Virginia Ironside's Dilemmas: How can I get him to see the doctor?

He's in pain, but when his wife suggests getting professional advice, he refuses to go

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The Independent Online

Dear Virginia,

My husband has developed a limp – and a kind of lump on his hip. He tries to pretend it’s not there, and insists on walking miles and climbing hills, but I can see he’s in pain, and it worries me. But when I suggest he sees the doctor he either shrugs it off or he gets angry. Or he promises he’ll ring the practice next week and never does. This has been going on for six months and he’s started to snap every time I mention it. Can you think of any way of getting him to the doctor bar shooting him with an anaesthetic dart and hauling him off in the car?


Virgina says...

When anyone starts to behave like a child – as your husband is doing – it’s best to treat them like a child. Many’s the time I’ve got into some frightful tearful tizz that I just can’t get out of, and someone only has to put their arm round me and give me a sweet, as it were, and I’m right as rain.

Banging on to your husband about how sensible it would be to get this worrying problem checked out will get you absolutely nowhere. Asking how he’d feel if you were to put your head in the sand, ostrich-style, if you had a problem, will cut no ice. You can’t approach the problem in an adult way.

My own suggestion would be to shame him into going to see the doctor, playground-style. Only rather than shouting: “Cry-baby, girlie, my dad’s bigger than your dad!” or whatever kids shout at each other in playgrounds these days, tell him he’s being a total idiot. Tell him how utterly pathetic you feel he’s being and how you feel ashamed of him being such a coward. Because that’s what he is. He’s terrified of going to the doctor and being told that there might be something wrong with him.

Ask if he’d like you to come with him, if he’s so frightened. He won’t like that. Tell him stories of other, brave, heroic husbands, who have earned admiration and applause by striding along to the doctor and facing up to their problems. By making him feel even worse about not going to the doctor – making him feel like a wimp with not an ounce of masculinity in his tragic body – than he would if he were to go to the doctor and  be told he’d got a problem, you’ll get him to choose the lesser of these two evils and he’ll be on the phone to the practice in no time.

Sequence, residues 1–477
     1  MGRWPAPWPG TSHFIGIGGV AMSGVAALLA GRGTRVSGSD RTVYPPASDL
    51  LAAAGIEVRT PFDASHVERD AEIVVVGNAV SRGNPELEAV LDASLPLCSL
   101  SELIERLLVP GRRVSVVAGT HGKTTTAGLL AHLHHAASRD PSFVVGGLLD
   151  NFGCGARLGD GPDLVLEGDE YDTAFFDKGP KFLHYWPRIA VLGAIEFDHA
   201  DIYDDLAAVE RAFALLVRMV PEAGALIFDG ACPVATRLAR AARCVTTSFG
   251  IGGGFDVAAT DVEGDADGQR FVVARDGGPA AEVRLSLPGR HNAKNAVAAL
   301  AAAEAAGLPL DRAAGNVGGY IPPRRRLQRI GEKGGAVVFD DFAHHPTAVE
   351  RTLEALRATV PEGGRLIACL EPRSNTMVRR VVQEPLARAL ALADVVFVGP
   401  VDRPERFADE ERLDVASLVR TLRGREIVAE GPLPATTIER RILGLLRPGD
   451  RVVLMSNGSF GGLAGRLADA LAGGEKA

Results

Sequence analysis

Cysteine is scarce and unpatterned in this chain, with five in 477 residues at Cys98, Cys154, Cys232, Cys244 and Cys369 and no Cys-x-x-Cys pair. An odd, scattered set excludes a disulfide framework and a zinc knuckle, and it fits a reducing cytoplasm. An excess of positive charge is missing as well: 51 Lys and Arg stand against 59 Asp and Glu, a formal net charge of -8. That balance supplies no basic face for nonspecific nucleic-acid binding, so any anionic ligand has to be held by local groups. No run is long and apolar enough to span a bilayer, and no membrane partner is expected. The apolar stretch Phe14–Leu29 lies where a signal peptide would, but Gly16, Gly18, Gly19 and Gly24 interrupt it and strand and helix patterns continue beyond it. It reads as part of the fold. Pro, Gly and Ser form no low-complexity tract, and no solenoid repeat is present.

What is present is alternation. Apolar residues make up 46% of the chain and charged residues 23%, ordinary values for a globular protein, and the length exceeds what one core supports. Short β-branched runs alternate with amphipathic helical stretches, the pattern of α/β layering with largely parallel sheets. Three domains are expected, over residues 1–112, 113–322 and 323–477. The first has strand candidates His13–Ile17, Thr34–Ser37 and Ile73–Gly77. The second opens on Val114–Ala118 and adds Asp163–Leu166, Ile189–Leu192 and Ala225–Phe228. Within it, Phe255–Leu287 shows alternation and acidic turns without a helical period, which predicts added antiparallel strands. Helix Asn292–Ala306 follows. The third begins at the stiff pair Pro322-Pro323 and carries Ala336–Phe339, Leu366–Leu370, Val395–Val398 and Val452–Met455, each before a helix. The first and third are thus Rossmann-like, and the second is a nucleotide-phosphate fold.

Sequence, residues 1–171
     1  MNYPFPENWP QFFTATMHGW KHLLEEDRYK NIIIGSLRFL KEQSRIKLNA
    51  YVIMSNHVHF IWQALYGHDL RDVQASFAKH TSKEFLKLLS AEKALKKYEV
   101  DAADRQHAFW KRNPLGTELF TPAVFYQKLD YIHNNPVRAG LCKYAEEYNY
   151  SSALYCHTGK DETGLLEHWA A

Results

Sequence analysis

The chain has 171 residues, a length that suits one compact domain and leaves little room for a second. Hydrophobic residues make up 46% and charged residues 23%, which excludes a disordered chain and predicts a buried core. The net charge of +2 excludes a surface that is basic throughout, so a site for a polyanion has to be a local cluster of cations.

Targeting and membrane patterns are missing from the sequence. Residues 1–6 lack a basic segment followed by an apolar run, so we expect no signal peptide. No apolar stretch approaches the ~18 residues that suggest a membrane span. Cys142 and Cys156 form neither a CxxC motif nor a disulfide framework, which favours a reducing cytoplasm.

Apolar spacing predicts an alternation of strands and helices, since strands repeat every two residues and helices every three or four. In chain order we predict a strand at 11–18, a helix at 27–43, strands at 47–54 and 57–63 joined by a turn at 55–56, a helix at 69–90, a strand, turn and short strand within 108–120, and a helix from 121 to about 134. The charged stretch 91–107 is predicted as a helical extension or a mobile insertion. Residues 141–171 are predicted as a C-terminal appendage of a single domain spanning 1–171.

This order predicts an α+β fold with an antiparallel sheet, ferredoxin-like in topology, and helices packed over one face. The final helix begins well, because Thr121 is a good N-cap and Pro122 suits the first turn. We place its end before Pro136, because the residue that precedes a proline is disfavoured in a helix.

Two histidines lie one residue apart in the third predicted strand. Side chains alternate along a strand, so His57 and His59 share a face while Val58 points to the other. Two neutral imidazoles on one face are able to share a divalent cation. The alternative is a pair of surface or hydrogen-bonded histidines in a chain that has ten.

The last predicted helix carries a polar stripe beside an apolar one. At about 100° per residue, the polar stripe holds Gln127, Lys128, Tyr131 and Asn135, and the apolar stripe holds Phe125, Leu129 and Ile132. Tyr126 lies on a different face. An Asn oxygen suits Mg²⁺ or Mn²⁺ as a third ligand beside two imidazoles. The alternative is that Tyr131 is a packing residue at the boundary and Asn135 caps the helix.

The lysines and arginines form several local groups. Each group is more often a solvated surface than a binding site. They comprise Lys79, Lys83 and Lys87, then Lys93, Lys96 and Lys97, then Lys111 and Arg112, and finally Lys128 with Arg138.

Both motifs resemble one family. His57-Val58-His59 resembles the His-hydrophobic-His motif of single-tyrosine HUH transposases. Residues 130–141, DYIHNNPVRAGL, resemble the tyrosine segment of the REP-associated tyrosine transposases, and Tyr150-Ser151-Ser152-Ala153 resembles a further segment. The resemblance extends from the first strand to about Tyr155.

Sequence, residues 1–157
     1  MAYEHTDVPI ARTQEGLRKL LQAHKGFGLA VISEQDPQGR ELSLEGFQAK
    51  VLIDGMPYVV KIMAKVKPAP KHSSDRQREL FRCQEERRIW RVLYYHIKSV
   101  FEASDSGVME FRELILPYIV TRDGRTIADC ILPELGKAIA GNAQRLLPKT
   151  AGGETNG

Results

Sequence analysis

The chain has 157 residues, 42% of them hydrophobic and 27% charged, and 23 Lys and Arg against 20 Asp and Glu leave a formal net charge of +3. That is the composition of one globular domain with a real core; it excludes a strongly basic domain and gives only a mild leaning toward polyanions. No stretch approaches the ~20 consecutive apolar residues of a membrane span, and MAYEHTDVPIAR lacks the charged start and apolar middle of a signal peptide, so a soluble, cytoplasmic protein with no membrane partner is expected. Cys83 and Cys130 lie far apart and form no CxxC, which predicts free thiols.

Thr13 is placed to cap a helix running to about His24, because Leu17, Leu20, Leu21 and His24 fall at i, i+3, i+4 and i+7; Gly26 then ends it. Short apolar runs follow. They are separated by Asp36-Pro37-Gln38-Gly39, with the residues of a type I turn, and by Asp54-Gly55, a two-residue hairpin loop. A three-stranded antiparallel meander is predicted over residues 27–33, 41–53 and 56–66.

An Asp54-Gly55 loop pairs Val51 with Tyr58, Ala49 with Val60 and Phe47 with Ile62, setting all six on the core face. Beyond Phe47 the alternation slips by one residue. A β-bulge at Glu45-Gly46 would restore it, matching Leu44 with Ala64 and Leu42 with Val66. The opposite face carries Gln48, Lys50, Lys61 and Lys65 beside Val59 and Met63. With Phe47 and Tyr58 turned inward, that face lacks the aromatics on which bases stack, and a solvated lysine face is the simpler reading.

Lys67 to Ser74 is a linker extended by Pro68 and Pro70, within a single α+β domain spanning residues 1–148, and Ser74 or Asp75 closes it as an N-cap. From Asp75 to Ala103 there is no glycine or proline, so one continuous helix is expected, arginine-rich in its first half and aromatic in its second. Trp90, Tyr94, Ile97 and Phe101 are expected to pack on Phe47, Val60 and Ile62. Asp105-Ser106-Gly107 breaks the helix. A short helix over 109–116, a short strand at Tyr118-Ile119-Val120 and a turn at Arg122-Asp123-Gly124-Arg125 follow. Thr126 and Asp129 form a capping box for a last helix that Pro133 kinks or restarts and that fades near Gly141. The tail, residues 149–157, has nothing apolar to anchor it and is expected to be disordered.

If all else fails, couldn’t you complain eventually that you’re unable to sleep with worry? Start losing weight. Say it’s all his fault. Go the doctor yourself and say you’re turning into a nervous wreck. Return with the news that the only solution is for him to go to the doctor and get an explanation for these sinister developments in his hip.

Or, if you really can’t face that, get the support of your children – and, if possible, his parents – and have a family conference in which you ambush him one day and all surround him, begging him to go get an expert opinion. If he still refuses to seek help, you’ll just have to give up. But somehow I think at that in the end he’ll give in. And probably find that he’s got nothing worse than a touch of sciatica.


Readers say... Be crafty

My solution would be to connive with your doctor to visit you at home due to the sudden onset of some illness, at a time when your husband will be there, and for the doctor to ask him to fetch something and then “notice” his limp and ask if he could take a look. Your husband will then be seen by a doctor but without having been to see one – which may be his psychological block.

Martin Kyrle, by email


It’s his loss

It is about quality of life: does  he want to continue walking and climbing? If he does not get the problem looked at, at this stage when it can possibly be diagnosed and treated, unfortunately the prospects for future walking and climbing will diminish.

Patricia Stein, by email


Conspire with his GP

Go and see one of the good male GPs at your practice. Ask if he can invite your husband for a Well Man check so that your husband can have a selection of blood tests taken, a blood pressure check etc. This will give your husband the opening he needs. If all goes to plan, you can confess afterwards.

Elisabeth Storrs, by email


Next week’s dilemma

Dear Virginia,

Since we married 20 years ago, I’ve tried to keep myself looking as good as possible. But my husband eats and drinks whatever he feels like and takes no exercise, weighing 7st more than me. The man I married was very attractive. This one still could be, but he has no intention of making any effort to be so again. Sex was always good but now I feel undignified climbing on top of him. I would love to know how other women who still love their husbands, but cannot fancy them in such a deteriorated state, cope with this problem.

Yours sincerely,



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